3 Apr No Comments stu@crimapp.com Canada, CBSA, CIC, Rehabilitation, Temporary Residency Permits


Many US citizens have been turned back for having a single drunk driving conviction. Under Canadian law, a drunk driving is consider an “hybrid offense” and can be prosecuted as a felony (“indictable”) offense. This has meant that an American with a comparable offense was deemed inadmissible under the the Canadian Immigrant and Refugee Protection Act. A waiver (“temporary residency permit”) was available at the border crossing (“port of entry”) for most individuals.

In April of 2012l, the Canadian Border Services Agency (“CBSA”) released its Operational Bulletin 389. This memo creates a streamlined (and free) waiver process individuals who have one criminal conviction (not a sex or child pornography offense) where no jail or prison was imposed. Theoretically, this policy is only a “fee waiver,” but the tone of the memo suggests that individuals with these convictions should be subject to a more streamlined interview.

Folks who have more than one prior conviction or who have a prior offense which would be considered “serious criminality” under Canadian law should consult with counsel. Here is a link to a nice summary of Canadian law on the subject. Here is a link to the Canadian Immigrant and Refugee’s Protection Act. Here is a link to their reference manual on the subject.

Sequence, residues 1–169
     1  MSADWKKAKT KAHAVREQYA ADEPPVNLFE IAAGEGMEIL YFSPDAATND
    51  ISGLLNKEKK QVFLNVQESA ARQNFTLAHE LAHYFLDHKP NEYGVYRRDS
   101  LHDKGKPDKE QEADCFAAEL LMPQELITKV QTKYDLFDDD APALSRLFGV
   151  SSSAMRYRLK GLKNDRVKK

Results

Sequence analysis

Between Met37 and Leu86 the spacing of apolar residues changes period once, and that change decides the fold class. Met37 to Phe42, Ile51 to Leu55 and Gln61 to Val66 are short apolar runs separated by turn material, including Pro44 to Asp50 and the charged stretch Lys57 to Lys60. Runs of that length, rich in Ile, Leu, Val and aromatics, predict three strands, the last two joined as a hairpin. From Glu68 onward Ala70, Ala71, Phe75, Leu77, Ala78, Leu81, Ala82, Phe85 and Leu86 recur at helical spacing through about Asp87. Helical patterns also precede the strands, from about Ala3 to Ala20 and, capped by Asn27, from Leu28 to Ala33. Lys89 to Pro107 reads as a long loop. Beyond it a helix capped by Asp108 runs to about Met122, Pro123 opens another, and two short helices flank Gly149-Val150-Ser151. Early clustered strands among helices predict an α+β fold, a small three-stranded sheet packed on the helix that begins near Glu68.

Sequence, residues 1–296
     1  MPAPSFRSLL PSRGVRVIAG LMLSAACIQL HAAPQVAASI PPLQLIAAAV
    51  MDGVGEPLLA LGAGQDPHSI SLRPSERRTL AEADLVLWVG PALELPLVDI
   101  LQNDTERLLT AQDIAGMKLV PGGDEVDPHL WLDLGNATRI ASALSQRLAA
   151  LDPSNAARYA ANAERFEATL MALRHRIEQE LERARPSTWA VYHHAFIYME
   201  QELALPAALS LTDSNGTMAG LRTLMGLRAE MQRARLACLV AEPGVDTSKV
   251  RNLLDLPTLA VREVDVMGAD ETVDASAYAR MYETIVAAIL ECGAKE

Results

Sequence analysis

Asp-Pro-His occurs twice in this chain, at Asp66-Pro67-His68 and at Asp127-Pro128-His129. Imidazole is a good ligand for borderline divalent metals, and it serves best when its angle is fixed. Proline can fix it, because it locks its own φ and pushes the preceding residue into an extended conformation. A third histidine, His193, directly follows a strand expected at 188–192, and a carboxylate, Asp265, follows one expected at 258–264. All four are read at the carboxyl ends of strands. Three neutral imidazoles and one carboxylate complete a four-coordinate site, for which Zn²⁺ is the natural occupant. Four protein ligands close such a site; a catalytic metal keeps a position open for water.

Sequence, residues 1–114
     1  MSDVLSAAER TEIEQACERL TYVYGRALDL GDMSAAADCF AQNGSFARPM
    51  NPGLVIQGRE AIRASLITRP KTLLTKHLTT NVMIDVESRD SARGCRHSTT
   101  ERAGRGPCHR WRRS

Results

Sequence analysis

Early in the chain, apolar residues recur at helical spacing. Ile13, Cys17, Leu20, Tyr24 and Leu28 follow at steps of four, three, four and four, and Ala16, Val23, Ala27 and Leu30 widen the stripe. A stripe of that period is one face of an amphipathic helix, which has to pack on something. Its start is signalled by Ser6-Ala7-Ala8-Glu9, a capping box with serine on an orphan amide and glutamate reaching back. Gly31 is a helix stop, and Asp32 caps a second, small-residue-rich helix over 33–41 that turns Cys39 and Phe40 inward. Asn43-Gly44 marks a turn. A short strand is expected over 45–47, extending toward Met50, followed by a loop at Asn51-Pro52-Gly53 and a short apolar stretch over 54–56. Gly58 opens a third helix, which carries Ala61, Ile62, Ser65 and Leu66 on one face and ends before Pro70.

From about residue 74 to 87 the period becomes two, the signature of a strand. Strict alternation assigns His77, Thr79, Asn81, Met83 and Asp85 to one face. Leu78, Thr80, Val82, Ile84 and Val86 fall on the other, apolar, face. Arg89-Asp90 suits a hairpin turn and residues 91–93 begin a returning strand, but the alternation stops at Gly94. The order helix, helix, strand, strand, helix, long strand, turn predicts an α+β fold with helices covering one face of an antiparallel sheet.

It is important to stress that these waivers are short term. Individuals seeking long term waivers are still advised to follow the traditional approach. E.g. this is a good solution for taking a family vacation to Toronto, this should not be used by a trucker who frequently picks up or drops off loads in Canada.

The recognition is some evidence that Canada has liberalized the underlying criteria for the issuance of Temporary Residency Permits to Americans with DWIs.  The problem is that the former criteria required not only proof that the American would not be a danger to the Canadian public, but also a demonstrable value to the Canadian public in admitting the individual and/or a humanitarian purpose.  This policy should be seen as a liberalization of that policy, but it is probable that different Ports of Entry will view this matter differently.